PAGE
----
The Securities and Exchange Commission recently announced an enforcement action against KBR, Inc., alleging that a form of confidentiality agreement used in internal investigations violated an SEC whistleblower rule. To settle the matter, KBR revised its form of agreement and agreed to pay a fine of $130,000.
Rule 21F-17 prohibits a person from taking
"any action to impede an individual from communicating directly with the [SEC] about a possible securities law violation, including enforcing or threatening to enforce a confidentiality agreement ... ."
The rule also authorizes the SEC to communicate directly with company personnel without consent of company counsel.
KBR required employees being interviewed as part of internal investigations to sign an agreement prohibiting them from disclosing the subject matter or particulars of the interview with outside parties without the prior approval of in-house counsel and specified disciplinary action (including firing) that could ensue from violating the agreement. In the SEC's view, this agreement violated its prohibition on impeding whistleblowing, even though the SEC acknowledged that it was unaware of any instance in which KBR attempted to prevent an employee from communicating with the SEC. KBR revised the agreement to expressly permit an employee to report securities law violations to the SEC, Department of Justice and other government agencies.
Although the enforcement action related to a confidentiality agreement used specifically in connection with internal investigations, statements by SEC officials suggest that any confidentiality agreement may be similarly vulnerable. According to a recent article in The Wall Street Journal, the SEC reportedly sent letters to a number of companies asking for copies of nondisclosure agreements, employment agreements and other documents in use since the enactment of the Dodd-Frank Wall Street Reform and Consumer Protection Act. In a speech last year, Sean McKessy, chief of the SEC's Office of the Whistleblower, warned in-house counsel against preparing employee agreements that violate the rule.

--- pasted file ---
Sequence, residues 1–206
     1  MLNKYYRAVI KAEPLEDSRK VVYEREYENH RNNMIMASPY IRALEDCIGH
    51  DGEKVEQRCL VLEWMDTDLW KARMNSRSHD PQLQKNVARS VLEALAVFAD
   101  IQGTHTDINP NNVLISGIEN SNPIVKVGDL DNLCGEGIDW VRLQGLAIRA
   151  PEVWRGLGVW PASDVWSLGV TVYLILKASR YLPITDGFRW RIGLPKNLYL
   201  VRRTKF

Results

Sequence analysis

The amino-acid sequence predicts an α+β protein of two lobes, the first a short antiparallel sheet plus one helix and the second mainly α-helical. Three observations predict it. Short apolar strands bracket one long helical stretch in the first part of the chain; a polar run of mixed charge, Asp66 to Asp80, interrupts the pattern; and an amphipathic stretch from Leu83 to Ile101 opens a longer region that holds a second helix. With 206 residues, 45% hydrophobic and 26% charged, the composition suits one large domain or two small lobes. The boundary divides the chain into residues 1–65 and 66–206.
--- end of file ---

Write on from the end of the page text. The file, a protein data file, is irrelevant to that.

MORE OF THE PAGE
There are reasons to disagree with the SEC that it had authority to adopt the rule under Dodd-Frank's "anti-retaliation" provisions. In addition, the text of Rule 21F-17 appears not to prohibit KBR's original form of agreement, but only enforcement of the agreement to inhibit whistleblowing. Given the SEC's aggressive interpretation of the statute and its own rule, however, nothing - beyond self-restraint - prevents the SEC from extending the rule to confidentiality provisions ordinarily included in employment contracts and employee intellectual property agreements. Public companies should consider reviewing - and revising where necessary - provisions in all employee agreements to account for Dodd-Frank whistleblower laws.